I never studied Child Psychology, so I don’t know if there is a term for this, but there’s a peculiar period of time that I recall vividly from my own childhood when, having gotten past the whole “the universe started with my birth” fallacy, I moved on to acknowledging that everything I know and have experienced has come before, and, like I am seven years old now, my father was once seven years old himself, and his father before him. There must be a name for this period of development, where the world grows just a little bit smaller, and you know, deep down, that your love of grilled cheese may be, without even knowing the word for it, hereditary. A genetic memory, aided by your environment, to guarantee your life the strophic form of your forefathers.
Then again, I played Nintendo as a kid.
I will defend Nintendo (the company, not the system I referred to in the previous paragraph) until my dying breath, because they keep beach city weird. As I write this, Nintendo’s latest release is taking the world by storm, and it’s all about cute squid girls painting structures with Alec Templeton precision while defending the values of either cats (yay!) or dogs (cretins!). And that’s one of the more straightforward plots from Nintendo, lest we forget the next big Nintendo release features anthropomorphic animals piloting starships that turn into robot chickens to combat a giant brain. Nintendo’s own iconic mascot has a mushroom-dependency problem, but, don’t worry, he’s a doctor.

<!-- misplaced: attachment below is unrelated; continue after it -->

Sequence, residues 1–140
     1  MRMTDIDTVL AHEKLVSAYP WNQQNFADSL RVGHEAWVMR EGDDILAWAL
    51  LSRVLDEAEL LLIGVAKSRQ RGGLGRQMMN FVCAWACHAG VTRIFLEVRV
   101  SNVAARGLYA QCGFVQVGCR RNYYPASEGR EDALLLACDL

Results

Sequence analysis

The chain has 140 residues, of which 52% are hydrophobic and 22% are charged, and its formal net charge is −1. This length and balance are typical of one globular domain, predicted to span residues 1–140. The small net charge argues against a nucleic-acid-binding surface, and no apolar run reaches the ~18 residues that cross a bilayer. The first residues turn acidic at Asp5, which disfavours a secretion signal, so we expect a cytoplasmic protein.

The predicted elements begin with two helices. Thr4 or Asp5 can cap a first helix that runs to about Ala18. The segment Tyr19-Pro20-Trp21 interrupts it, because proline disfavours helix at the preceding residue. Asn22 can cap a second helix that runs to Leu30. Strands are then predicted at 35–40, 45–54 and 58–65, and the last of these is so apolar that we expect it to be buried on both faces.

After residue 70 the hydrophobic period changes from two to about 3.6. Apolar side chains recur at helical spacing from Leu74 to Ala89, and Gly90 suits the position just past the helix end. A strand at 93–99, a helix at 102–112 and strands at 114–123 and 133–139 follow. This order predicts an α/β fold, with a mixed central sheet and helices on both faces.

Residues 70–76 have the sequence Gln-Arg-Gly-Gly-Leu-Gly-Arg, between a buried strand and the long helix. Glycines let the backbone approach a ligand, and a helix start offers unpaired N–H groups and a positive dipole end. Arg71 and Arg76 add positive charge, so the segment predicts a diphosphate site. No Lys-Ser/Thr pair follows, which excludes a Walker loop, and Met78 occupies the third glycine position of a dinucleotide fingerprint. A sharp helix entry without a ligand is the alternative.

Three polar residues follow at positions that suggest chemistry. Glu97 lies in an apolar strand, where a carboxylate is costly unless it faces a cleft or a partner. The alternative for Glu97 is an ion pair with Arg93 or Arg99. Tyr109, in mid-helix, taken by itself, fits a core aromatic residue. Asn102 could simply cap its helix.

And if you’re reading this, I bet that last paragraph actually made sense to you. In fact, I bet it made sense to you without even having to think about it. Okay, maybe not the Templeton reference. Regardless, thanks to an overexposure since childhood, so much “Nintendo logic” makes perfect sense to our metroid-shaped brains, so imagining a flesh colored creature capable of devouring the stars themselves is not so much scary as it is a gentle reminder that emperor penguins are not to be trusted with food supplies.
The greatest and worst thing about childhood is not having anywhere near the experience points necessary to level up to being a useful member of society. Being a child sucks for being taken seriously, but it does leave a lot of space for magic and wonder and imagining that big, amazing world that’s out there and waiting for you the absolute minute you clean your room and are allowed back outside again. And that kind of thinking, combined with the previously mentioned knowledge that “everything has come before” leads to some weird conclusions.
I’m talking about jumping on turtles.
Playing Rygar as an adult, I have to fall back on that hoary old chestnut of “what were they smoking?” Frankly, I’ve always hated that expression, as it reduces imagination to a substance, as if someone needs external stimulus to produce something as “whacky” as a talking cat (!?!), but in this case, it’s a little unusual that the first thing a Roman warrior encounters on his journey to save his land is… a giant shuffling turtle. But don’t worry, I got this, I know what to do.
Rygar, jump on that turtle.